Medical Malpractice Damage Cap Increase Explained
There has been an increase in the medical malpractice damage cap. Dr. King from Sweeney Law Firm explains what this means for medical malpractice cases in an interview with INsight.
Q Welcome back to INsight. We’re here at the Sweeney Law Firm studio and we have Dr. King to give us more information about what happened, effective July 1, 2017 in the state of Indiana. They changed some of the things for victims of medical malpractice.
A Yes, finally. After fifteen years of not changing the cap, the cap is going to go up. Now, this is effective for cases that accrue past July 1st of 2017 and what we mean by that is, essentially, if the malpractice occurred after July 1, 2017, then the cap on damages has actually gone up as of July 1st.
Q So, it’s important why, because there’s, I’m sure there’s, people’s first gut instinct is, well, why does the cap need to go up?
A Well, it’s become very clear that, well, first of all, there’s the cost of living increase, there’s inflation, but then it’s also become pretty clear. We have some clients that have medical bills that are in the several hundreds of thousands of dollars, even close to a million dollars, and if they have medical bills that are that high and the cap limits the amount that they can recover, they might not be able to recover anything for themselves after paying back the insurance liens.
Q See, there’s news to me. I would have assumed that part of, you know, if somebody messes up, you know, if you win a victory in medical malpractice and I still have the long list of bills, it should at least cover that, you know, and then some.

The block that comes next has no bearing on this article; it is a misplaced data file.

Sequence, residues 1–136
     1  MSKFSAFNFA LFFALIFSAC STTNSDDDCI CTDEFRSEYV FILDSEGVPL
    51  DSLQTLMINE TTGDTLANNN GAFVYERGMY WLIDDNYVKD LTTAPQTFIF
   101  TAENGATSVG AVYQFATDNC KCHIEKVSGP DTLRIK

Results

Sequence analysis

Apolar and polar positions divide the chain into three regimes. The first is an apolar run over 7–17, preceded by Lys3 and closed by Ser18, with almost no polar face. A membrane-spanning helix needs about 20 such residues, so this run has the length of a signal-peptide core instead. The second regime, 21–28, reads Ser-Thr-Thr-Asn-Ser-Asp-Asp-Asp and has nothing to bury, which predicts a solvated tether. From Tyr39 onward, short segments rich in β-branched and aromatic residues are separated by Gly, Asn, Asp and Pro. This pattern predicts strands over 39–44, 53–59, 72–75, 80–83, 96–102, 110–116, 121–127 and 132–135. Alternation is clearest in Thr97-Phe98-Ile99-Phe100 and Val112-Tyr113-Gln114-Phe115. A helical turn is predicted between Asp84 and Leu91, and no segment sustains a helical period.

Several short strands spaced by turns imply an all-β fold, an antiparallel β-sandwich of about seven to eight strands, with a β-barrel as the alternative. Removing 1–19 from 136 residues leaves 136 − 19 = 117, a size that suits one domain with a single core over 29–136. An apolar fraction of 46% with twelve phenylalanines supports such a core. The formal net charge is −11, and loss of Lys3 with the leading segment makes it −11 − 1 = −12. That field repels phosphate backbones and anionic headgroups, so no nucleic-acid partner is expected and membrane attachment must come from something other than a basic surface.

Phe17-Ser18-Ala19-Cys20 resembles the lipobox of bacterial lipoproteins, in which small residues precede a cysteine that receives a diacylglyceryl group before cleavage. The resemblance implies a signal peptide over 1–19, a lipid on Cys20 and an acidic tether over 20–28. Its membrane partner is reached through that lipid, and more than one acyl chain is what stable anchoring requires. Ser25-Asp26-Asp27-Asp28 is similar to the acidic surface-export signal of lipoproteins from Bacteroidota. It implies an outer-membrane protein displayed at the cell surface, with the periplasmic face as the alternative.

A It covers the bills that you might have and the insurance, what the insurance has paid and then what’s left over, then, potentially goes to the client, but because the cost of medicine is increasing, the cap on damages needs to increase.
Q Okay. So, and they’ve changed some other things, too. There used to be, how did this four stage, what’s all that?
A So, the way that the fund pays out, in Indiana there’s two different types of payout. The doctor, themselves, have an insurance policy that pays out a small portion under the cap, which the current cap before July 1st is 1.25 million dollars. It’s going up to 1.65 million dollars, is the total amount that can be paid out for medical malpractice. The doctor, the doctor’s insurance company only has to pay out a very small portion of that. The rest of it gets paid out by the Indiana Department of Insurance. There’s a fund that doctors pay into called a Patient Compensation Fund and they are the ones that pay out the bulk. Now, they have typically only paid out, it used to be only twice per year. Just recently they moved to a quarterly payment system, so they pay four times a year, but now, moving forward, after July 1st, they will pay out within, they need to pay out within sixty days of a settlement or a judgment.
Q So, that was, it was always one payment? It’s not like the lottery, where I get paid in quarterly payments. I got paid one payment, but just on these certain dates.
A Correct, correct. And often we would have, our clients would be waiting, even after learning that a settlement has occurred, they could wait another three months before they see a penny. But now, under the new law, the longest they will have to wait is sixty days.
Q How unusual is, was Indiana with that lower cap?
A So, what we have in Indiana is a hard cap, meaning even if you have medical bills greater than 1.25 million under the current cap, you can’t get a penny more. Most states actually have a cap on non, what we call non-pecuniary damages, which are the non-financial damages. In other words, in most states, if you have 2 million dollars in medical bills, you can get 2 million plus a certain amount. In Indiana, that’s not the case. It is a hard cap and there are very few states like that in the United States.
Q It doesn’t seem right. It just, in that explanation of it.
A We don’t believe it’s right. The plaintiffs firms would like to see that change, but that’s, even under the new laws, which are good because the caps are going up, they still stuck with the hard cap.
Q All right. Well, it’s a lot of things to learn in four minutes and it’s a much better time to connect yourself with Sweeney Law Firm and get that initial consultation for free. You can find out more at Sweeneylawfirm.com and we will be right back on INsight.